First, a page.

‘Trump Is Becoming Radioactive’: Republicans Increasingly Turning Away from Administration Jobs

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The Trump administration is increasingly having a difficult time attracting qualified candidates for key positions within the administration, including the White House.

Potential candidates’ concerns are continuing to multiply as they watch Trump’s behavior and his treatment of senior officials — most recently his staunch longtime supporter Attorney General Jeff Sessions, and handpicked Deputy Attorney General Rod Rosenstein — according to a Washington Post report. Qualified Republicans now cite a multitude of reasons as Trump displays a pattern which ultimately makes it untenable for many to serve.

While White House Press Secretary Sean Spicer claimed to have “people knocking down my door to talk to the presidential personnel office,” that does not seem to match up with nearly 30 sources which the Post interviewed. Still, Spicer added that “there is a huge demand to join this administration.” The comment seemed illogical when comparing the mercurial Trump who is increasingly embroiled in a Special Counsel investigation — at a stage in his presidency which is unprecedented in modern American history.

“Trump is becoming radioactive, and it’s accelerating,” said Bill Valdez, former Energy Department official who is now president of the Senior Executives Association, representing some 6,000 top federal leaders.

“He just threw Jeff Sessions under the buss,” Valdez adds, referring to recent reports that Trump is furious with Sessions for recusing himself from the Russia probe, causing so much rift between the two that Sessions at one point offered to resign.

“If you’re working with a boss who doesn’t have your back, you have no confidence in working with that individual,” Valdez noted.

In fact, despite the White House’s claims to the contrary, the situation is so bad that Republican leaders wrote a letter to White House Chief of Staff Reince Priebus about the administration’s “leadership vacuum.”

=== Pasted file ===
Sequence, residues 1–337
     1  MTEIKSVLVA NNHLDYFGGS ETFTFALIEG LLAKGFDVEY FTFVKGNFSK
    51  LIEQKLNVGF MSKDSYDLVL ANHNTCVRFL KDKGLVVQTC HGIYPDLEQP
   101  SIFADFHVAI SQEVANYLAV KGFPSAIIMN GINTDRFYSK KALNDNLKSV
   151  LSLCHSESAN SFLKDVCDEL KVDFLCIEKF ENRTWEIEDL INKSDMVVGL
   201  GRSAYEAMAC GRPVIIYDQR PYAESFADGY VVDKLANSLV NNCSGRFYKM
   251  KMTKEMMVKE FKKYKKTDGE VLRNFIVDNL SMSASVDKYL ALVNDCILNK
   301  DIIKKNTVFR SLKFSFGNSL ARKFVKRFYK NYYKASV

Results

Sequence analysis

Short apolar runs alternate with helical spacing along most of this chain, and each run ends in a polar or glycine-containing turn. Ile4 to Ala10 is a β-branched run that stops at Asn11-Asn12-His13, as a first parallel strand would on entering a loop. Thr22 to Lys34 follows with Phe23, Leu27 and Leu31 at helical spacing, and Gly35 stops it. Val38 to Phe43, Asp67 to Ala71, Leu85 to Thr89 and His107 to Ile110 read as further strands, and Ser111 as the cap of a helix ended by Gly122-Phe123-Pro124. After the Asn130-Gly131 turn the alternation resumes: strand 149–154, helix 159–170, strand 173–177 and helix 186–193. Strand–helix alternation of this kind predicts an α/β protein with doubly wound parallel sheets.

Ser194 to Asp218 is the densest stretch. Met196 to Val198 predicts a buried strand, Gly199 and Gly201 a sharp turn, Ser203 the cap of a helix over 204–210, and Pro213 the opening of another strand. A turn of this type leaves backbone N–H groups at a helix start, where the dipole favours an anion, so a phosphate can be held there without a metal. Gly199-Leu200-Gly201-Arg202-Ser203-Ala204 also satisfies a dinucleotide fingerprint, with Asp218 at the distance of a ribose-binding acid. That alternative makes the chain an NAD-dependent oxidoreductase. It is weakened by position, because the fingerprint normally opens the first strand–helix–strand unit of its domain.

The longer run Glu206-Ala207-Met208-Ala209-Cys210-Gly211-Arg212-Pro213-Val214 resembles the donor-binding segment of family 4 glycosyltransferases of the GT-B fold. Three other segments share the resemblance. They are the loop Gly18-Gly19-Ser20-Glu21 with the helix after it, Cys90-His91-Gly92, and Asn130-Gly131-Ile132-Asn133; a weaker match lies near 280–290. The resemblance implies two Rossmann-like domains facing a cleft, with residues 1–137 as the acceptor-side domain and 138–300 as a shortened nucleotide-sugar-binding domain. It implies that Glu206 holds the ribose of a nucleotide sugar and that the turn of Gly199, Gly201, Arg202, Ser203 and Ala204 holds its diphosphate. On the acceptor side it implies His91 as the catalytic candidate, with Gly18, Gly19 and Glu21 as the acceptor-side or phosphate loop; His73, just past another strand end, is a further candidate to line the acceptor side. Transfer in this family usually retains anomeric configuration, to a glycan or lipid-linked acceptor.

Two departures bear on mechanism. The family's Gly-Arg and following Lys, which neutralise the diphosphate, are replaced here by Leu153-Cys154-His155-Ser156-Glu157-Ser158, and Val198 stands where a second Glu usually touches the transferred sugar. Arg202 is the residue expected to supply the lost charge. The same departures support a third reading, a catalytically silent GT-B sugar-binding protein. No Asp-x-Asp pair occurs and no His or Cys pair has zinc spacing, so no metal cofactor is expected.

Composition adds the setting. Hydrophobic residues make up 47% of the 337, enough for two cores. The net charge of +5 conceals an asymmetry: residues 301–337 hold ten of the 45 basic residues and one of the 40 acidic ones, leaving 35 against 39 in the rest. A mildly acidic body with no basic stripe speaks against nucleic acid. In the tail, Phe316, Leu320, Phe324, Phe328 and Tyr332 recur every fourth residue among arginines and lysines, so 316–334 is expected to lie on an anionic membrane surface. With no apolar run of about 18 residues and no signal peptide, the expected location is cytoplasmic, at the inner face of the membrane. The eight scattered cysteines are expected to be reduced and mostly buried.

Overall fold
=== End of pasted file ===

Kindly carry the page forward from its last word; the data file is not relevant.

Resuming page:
“We remain very concerned over the lack of secondary and tertiary executive-level appointments,” the letter, which was signed by 25 prominent conservatives said.

Many candidates have turned down senior positions in the administration for reasons ranging from damaging their reputations, to lack of job security, to the threat of finding themselves under investigation, to having to expend untold sums for having to retain counsel in order to deal with Trump’s problems — which Trump, himself, keeps making worse.

“You can count me out,” said one lawyer who served in the George W. Bush administration, and who has turned down multiple senior level posts at several agencies. Pointing to the mounting reasons for avoiding the Trump administration, he made a noteworthy analogy: “You sit on the tarmac for quite some time, you see smoke coming out of the engine and you say, ‘I’m going back to the gate.'”

The increasing difficulty in hiring only adds to the slow hiring pace from which the administration has suffered from the outset — including the transition period. So far, Trump has only 43 confirmed appointees to senior jobs. At the same point in their presidencies, Barack Obama and George W. Bush had 151 and 130 confirmed appointees, respectively.

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